Control Flow Integrity Design Documentation

This page documents the design of the Control Flow Integrity schemes supported by Clang.

Forward-Edge CFI for Virtual Calls

This scheme works by allocating, for each static type used to make a virtual call, a region of read-only storage in the object file holding a bit vector that maps onto to the region of storage used for those virtual tables. Each set bit in the bit vector corresponds to the address point for a virtual table compatible with the static type for which the bit vector is being built.

For example, consider the following three C++ classes:

struct A {
  virtual void f1();
  virtual void f2();
  virtual void f3();
};

struct B : A {
  virtual void f1();
  virtual void f2();
  virtual void f3();
};

struct C : A {
  virtual void f1();
  virtual void f2();
  virtual void f3();
};

The scheme will cause the virtual tables for A, B and C to be laid out consecutively:

Virtual Table Layout for A, B, C
0 1 2 3 4 5 6 7 8 9 10 11 12 13 14
A::offset-to-top &A::rtti &A::f1 &A::f2 &A::f3 B::offset-to-top &B::rtti &B::f1 &B::f2 &B::f3 C::offset-to-top &C::rtti &C::f1 &C::f2 &C::f3

The bit vector for static types A, B and C will look like this:

Bit Vectors for A, B, C
Class 0 1 2 3 4 5 6 7 8 9 10 11 12 13 14
A 0 0 1 0 0 0 0 1 0 0 0 0 1 0 0
B 0 0 0 0 0 0 0 1 0 0 0 0 0 0 0
C 0 0 0 0 0 0 0 0 0 0 0 0 1 0 0

Bit vectors are represented in the object file as byte arrays. By loading from indexed offsets into the byte array and applying a mask, a program can test bits from the bit set with a relatively short instruction sequence. Bit vectors may overlap so long as they use different bits. For the full details, see the ByteArrayBuilder class.

In this case, assuming A is laid out at offset 0 in bit 0, B at offset 0 in bit 1 and C at offset 0 in bit 2, the byte array would look like this:

char bits[] = { 0, 0, 1, 0, 0, 0, 3, 0, 0, 0, 0, 5, 0, 0 };

To emit a virtual call, the compiler will assemble code that checks that the object’s virtual table pointer is in-bounds and aligned and that the relevant bit is set in the bit vector.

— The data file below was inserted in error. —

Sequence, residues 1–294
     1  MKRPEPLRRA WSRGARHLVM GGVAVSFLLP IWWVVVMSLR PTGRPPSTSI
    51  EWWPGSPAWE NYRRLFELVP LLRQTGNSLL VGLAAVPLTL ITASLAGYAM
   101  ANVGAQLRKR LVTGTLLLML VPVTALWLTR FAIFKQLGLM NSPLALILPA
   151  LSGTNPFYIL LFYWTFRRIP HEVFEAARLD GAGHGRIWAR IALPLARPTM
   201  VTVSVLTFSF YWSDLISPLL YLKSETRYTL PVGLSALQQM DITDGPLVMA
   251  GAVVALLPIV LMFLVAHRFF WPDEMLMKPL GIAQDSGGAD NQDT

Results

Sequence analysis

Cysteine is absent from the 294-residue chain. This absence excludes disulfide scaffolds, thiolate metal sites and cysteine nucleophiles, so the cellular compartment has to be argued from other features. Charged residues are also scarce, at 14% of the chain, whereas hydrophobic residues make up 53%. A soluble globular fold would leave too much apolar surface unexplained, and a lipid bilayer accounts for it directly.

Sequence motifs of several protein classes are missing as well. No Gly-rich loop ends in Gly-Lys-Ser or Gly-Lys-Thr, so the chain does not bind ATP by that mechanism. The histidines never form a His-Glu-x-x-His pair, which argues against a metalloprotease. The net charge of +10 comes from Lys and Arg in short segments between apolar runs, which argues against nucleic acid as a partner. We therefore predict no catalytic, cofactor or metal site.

For example on x86 a typical virtual call may look like this:

ca7fbb:       48 8b 0f                mov    (%rdi),%rcx
ca7fbe:       48 8d 15 c3 42 fb 07    lea    0x7fb42c3(%rip),%rdx
ca7fc5:       48 89 c8                mov    %rcx,%rax
ca7fc8:       48 29 d0                sub    %rdx,%rax
ca7fcb:       48 c1 c0 3d             rol    $0x3d,%rax
ca7fcf:       48 3d 7f 01 00 00       cmp    $0x17f,%rax
ca7fd5:       0f 87 36 05 00 00       ja     ca8511
ca7fdb:       48 8d 15 c0 0b f7 06    lea    0x6f70bc0(%rip),%rdx
ca7fe2:       f6 04 10 10             testb  $0x10,(%rax,%rdx,1)
ca7fe6:       0f 84 25 05 00 00       je     ca8511
ca7fec:       ff 91 98 00 00 00       callq  *0x98(%rcx)
  [...]
ca8511:       0f 0b                   ud2

The compiler relies on co-operation from the linker in order to assemble the bit vectors for the whole program. It currently does this using LLVM’s type metadata mechanism together with link-time optimization.

Optimizations

The scheme as described above is the fully general variant of the scheme. Most of the time we are able to apply one or more of the following optimizations to improve binary size or performance.

In fact, if you try the above example with the current version of the compiler, you will probably find that it will not use the described virtual table layout or machine instructions. Some of the optimizations we are about to introduce cause the compiler to use a different layout or a different sequence of machine instructions.